On the 27th of December 1979, Thames Television screened ‘The Knowledge’, a comedy drama detailing the ups and downs of a group of students studying The Knowledge of London; the intense training process which must be undertaken in order to become a London taxi driver.
The play was written by the late Jack Rosenthal who interviewed many cabbies for his research. At the time- as indeed now- insights into what The Knowledge involved are extremely rare, so the film was something of a revelation.
The play’s most memorable character was Mr Burgess, a sadistic examiner played by Nigel Hawthorne.
Burgess was based on a real examiner- Mr Findlay, a formidable Scotsman who would emphasise his accent when testing students as a means of intimidating and bamboozling them.
The play, which was nominated for a BAFTA in 1980 and appeared in the BFI’s top 100 television plays in 2000, has now been revived for the stage and will be running at the Charing Cross Theatre from tonight- the 4th September 2017- until the 11th November.
It is directed by Maureen Lipman who was married to Jack Rosenthal and appeared in the original television production.
To find out more and to book tickets, please click here.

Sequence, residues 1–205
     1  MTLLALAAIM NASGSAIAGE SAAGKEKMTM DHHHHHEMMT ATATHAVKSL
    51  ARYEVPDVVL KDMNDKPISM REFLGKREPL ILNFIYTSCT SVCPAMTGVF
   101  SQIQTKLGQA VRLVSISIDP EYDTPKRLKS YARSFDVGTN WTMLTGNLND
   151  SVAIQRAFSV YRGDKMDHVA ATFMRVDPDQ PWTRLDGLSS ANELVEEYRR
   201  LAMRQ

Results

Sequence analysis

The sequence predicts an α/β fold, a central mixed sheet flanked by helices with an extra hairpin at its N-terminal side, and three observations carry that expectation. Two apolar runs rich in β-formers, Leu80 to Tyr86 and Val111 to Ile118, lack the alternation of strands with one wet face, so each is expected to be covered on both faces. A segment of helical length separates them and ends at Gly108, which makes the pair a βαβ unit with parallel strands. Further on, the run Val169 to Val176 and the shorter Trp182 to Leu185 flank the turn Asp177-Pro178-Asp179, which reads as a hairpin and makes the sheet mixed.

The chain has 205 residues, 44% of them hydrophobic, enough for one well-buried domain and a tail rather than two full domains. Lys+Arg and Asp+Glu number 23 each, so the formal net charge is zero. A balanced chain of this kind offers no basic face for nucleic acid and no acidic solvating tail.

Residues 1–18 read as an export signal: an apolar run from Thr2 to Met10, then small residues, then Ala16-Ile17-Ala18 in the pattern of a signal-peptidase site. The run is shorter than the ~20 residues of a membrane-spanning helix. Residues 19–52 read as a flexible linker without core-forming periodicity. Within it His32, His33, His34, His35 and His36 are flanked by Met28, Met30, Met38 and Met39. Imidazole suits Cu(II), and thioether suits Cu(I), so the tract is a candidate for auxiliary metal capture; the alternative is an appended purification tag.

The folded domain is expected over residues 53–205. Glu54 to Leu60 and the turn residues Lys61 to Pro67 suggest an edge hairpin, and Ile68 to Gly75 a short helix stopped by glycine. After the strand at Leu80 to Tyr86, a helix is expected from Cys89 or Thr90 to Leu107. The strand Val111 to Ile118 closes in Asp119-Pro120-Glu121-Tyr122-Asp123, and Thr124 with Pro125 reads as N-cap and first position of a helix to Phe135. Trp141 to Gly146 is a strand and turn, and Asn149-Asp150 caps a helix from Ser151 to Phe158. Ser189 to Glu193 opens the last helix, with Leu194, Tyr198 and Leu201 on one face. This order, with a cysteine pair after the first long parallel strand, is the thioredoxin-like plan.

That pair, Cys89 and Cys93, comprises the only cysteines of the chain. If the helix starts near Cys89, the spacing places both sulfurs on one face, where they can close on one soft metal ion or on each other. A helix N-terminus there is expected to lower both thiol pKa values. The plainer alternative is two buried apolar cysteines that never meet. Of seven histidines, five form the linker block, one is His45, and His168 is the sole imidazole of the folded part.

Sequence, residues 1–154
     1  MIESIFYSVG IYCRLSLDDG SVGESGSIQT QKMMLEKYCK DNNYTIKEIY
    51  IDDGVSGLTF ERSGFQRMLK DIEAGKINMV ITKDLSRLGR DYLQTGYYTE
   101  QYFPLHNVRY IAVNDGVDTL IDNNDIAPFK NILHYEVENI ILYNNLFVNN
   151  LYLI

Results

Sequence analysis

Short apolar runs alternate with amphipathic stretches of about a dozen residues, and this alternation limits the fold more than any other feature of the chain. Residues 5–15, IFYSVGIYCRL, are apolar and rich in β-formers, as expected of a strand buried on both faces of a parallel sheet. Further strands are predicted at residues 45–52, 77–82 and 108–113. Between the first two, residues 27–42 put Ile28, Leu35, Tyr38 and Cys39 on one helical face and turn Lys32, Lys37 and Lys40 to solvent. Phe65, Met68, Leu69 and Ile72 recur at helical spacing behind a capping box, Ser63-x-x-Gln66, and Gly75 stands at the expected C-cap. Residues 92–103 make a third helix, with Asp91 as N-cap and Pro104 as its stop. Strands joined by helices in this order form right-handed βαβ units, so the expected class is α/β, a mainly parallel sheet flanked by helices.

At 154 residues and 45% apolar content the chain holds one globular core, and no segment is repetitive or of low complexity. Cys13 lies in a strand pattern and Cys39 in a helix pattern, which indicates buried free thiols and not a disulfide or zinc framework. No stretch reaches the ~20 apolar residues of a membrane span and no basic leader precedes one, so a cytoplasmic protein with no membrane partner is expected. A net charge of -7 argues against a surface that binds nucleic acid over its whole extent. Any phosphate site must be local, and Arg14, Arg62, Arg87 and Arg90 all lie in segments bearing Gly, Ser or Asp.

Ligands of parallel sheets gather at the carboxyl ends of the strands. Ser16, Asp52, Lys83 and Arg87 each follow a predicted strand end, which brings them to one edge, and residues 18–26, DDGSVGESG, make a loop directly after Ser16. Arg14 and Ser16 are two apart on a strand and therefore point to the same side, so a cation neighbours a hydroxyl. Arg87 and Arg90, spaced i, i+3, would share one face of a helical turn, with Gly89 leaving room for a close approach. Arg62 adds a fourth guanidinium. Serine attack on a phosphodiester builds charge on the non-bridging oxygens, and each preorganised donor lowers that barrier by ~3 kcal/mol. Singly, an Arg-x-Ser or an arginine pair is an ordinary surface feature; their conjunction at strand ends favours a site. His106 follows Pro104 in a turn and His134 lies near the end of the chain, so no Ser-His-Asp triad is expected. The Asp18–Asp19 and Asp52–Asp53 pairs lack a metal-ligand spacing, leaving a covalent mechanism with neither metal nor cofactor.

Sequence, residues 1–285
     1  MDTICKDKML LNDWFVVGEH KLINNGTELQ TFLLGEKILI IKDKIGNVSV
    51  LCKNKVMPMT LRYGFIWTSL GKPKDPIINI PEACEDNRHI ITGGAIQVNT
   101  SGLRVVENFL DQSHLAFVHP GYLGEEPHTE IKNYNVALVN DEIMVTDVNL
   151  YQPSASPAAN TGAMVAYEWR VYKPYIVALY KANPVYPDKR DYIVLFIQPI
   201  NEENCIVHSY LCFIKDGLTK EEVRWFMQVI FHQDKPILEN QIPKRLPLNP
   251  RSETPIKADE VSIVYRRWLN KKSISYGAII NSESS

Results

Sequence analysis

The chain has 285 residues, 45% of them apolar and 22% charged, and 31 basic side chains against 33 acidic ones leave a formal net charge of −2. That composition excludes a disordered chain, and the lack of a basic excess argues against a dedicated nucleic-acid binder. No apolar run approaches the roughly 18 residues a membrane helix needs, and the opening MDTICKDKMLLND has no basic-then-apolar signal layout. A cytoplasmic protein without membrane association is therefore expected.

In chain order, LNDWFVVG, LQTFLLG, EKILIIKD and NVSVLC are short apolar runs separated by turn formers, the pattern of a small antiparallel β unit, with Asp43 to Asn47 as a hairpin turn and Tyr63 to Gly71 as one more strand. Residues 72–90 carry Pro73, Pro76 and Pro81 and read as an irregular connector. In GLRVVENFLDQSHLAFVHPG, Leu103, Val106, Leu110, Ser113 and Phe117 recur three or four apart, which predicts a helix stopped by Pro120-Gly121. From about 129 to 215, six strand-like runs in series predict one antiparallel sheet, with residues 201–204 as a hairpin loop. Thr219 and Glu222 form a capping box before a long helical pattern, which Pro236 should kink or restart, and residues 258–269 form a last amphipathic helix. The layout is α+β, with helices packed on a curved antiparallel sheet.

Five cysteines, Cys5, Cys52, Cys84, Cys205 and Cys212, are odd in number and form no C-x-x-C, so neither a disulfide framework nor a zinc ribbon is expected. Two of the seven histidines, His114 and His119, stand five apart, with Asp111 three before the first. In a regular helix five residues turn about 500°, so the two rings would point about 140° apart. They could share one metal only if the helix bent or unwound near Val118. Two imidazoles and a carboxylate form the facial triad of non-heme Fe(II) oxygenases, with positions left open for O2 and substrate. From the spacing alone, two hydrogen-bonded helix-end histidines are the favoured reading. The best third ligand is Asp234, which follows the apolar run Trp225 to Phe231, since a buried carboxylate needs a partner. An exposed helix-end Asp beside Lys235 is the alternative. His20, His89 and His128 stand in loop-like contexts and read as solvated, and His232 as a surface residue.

It has now been one week since the Grenfell Tower fire.
This tragedy sent a double helix of utter heartache and seething anger spiralling though me; feelings which have yet to subside. I know I’m far from alone.
As I write, the current death-toll stands at 79.
Anyone however who has seen what remains of this now charred, towering tomb will have no doubt in suspecting that this number is sadly far higher.
As someone who grew up in London and who loves the city and its people, I’ve wanted to use my platform here to express my intense views on the disaster. But in short, I’ve been unable to find words.
Instead I would encourage you to watch this interview with Cristos, a gentleman who survived the blaze.
His account speak volumes.
Please click here to read my latest Time Out blog: Seven places in London linked to a Christmas Carol.